Running short of money, I set off to find the nearest ATM (Automated Teller Machine, or cash dispenser) to withdraw some cash.
Heading towards Shaftesbury Avenue, I saw a huge queue for one ATM machine, but no-one was using the neighbouring 'hole in the wall'. Assuming that the second machine was broken, I asked one queuing man if it was out of order. He replied: "It's working, but this one pays out twenties for tenners!"
Hence the reason for the weirdly long queue: these folks wanted to 'double their money' by getting £20 notes for each £10 note requested. Being an honest chap in a hurry, I didn't hang about; I simply used the idle machine and walked off.
[Related story: Police called as ATM dispenses 'free money']
This week, customers took similar advantage of a Lloyds cash machine in Ipswich.
The ATM malfunction meant people were getting double their money, word spread and police had to be called.
"My friend asked for £40 and the machine gave out £80," Emma Hutchinson, from Ipswich, told the Ipswich Star.
You stole your own cash!Banks take a dim view of customers who pillage their accounts by withdrawing money they don't have.
Frankly, doing this is just shooting yourself in the foot, because banks have a record of every transaction from every ATM.
Using this information, banks can and do track down every unauthorised withdrawal and demand immediate repayment. In the meantime, you'll be hit by sky-high charges for creating an unapproved overdraft. Thus, the banks eventually get their own back on cash-machine bandits!
What about overpayments?
What about when you key in a £20 withdrawal and, instead of two £10 notes, you get two £20 notes?
Of course, it's easy to see how this happens. Some harassed bank manager — perhaps at the end of a long day — has accidentally loaded the £10 hopper with £20 notes. Thus, the ATM mistakenly dispenses twenties, assuming they are, in fact, tenners.
In English law (covering England and Wales), you are entitled to keep money paid to you in error "under mistake of fact", but only if you honestly believe that the money is yours. Without any proof of mens rea ('guilty mind'), mistake of fact can be used as a defence against civil and criminal liability, but only for unintentional mistakes.
Thus, if you got £40 when you requested £20, then you have no reasonable argument to believe that the money was genuinely yours. Therefore, you should return the additional £20 to the bank, as you have no legal right to keep it.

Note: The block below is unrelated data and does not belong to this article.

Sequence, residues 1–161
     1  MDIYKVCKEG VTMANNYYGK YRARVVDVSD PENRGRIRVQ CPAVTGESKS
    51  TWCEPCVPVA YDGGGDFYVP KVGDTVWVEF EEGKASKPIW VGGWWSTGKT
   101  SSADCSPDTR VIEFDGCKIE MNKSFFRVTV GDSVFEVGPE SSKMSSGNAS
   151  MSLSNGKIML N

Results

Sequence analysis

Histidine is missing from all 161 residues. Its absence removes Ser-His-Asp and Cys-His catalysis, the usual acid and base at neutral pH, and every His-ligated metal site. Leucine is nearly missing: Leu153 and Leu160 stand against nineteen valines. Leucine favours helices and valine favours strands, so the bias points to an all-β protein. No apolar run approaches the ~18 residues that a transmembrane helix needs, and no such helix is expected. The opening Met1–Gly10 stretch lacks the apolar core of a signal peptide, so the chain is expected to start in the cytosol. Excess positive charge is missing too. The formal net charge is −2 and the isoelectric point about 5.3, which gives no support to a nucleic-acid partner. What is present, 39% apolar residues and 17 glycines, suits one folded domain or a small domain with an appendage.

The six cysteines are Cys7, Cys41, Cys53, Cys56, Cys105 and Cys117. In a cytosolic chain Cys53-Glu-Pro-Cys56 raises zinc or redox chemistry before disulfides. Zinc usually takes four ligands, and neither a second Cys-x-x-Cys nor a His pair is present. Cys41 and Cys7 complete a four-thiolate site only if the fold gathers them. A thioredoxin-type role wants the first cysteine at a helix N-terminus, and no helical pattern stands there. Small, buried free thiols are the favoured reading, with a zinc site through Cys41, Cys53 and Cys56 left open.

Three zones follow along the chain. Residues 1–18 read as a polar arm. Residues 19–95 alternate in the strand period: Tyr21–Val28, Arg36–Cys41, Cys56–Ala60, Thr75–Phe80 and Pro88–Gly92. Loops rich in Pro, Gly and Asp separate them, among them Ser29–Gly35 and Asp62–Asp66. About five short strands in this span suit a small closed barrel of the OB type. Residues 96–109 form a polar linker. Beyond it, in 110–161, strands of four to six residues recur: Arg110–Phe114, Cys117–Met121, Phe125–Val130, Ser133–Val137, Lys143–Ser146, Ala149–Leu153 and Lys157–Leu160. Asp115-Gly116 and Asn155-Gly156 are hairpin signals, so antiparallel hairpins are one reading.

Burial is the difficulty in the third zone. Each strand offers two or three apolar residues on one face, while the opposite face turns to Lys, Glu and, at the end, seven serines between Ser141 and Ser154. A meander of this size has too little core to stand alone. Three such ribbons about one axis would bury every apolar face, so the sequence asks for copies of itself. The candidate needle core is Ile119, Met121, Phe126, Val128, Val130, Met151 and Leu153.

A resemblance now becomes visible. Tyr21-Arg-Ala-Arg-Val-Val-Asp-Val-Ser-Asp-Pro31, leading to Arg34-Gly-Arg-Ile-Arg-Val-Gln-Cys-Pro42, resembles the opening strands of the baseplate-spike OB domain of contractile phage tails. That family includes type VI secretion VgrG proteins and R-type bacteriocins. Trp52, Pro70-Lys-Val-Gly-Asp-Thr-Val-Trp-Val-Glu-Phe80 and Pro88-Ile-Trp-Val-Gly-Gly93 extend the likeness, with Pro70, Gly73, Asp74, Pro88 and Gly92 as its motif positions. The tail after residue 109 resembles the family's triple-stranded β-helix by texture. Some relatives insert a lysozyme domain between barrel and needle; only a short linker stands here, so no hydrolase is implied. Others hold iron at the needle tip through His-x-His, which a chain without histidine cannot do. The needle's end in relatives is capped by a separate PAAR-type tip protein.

However, if you requested £20, got £40 and £40 was debited from your account, then the cash is yours to keep, as neither you nor the bank has suffered any loss.
Clearly, if people get wind of a cash-machine windfall and start queuing round the block, then they know full well that what they're doing is wrong, both morally and legally. Thanks to their prior knowledge and intent, they are knowingly committing a crime. Therefore, the mistake-of-fact defence cannot apply.
The haul in the wall
Indeed, in these circumstances, banks are well within their rights to bring criminal charges of fraud ('acquiring pecuniary advantage by deception') against these queues of opportunists.
However, banks are fairly pragmatic about such instances, especially if the initial mistake was theirs. As it costs considerable sums to track down each overpaid £10, British banks usually write off these overpayments and, instead, concentrate on improving their cash-handling procedures.
Then again, some people go too far and pay the price. In 2003, three of four members of the Crosdale family from Coventry were tried, convicted and sent to jail for between 12 and 15 months for conspiracy to steal.
During a five-day meltdown, 56 Coventry Building Society machines spewed out £850,000 in error, allowing withdrawals to be made by any plastic card using any PIN (Personal Identification Number).
According to the Coventry Telegraph, the Crosdale criminals stole £134,410 from faulty cash machines, which they used to buy an Alfa Romeo car, flights to Jamaica and electrical goods. Nine other offenders received prison sentences for their part in plundering the coffers of the Coventry BS.
Clearly, this was theft and the Crosdales (and other offenders) were thieves, not cash-machine cowboys!
What about underpayments?
Then again, what happens if an ATM malfunctions and pays out less than you asked for?
Let's say that you type in £40, but get only £20. If only £20 is later deducted, then you've lost nothing. However, if £40 is debited and you get only £20, then your bank owes you £20.
Alas, getting this money back could prove tricky. My advice would be to use a camera-phone to take a picture of the faulty ATM, together with the cash dispensed. Send this information to your bank, together with any supporting evidence from other customers and staff present.
If your bank refuses to cough up the missing cash, then ask for a 'deadlock' letter to take to the independent Financial Ombudsman Service (FOS). In almost every case, if you have reasonable proof of loss, then the FOS will rule in your favour.
It's not just bank errors you need to be aware of at the cash point though - there are also fraudsters only too happy to separate you from your hard-earned cash.
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